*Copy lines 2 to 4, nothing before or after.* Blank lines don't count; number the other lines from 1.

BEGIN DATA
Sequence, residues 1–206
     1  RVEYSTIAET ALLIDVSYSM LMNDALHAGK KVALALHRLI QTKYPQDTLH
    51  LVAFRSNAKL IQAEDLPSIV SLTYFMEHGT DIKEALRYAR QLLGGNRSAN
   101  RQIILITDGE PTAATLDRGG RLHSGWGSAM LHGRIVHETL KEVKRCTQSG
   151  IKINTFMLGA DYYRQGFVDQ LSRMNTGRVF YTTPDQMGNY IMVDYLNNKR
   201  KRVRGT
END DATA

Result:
     1  RVEYSTIAET ALLIDVSYSM LMNDALHAGK KVALALHRLI QTKYPQDTLH
    51  LVAFRSNAKL IQAEDLPSIV SLTYFMEHGT DIKEALRYAR QLLGGNRSAN
   101  RQIILITDGE PTAATLDRGG RLHSGWGSAM LHGRIVHETL KEVKRCTQSG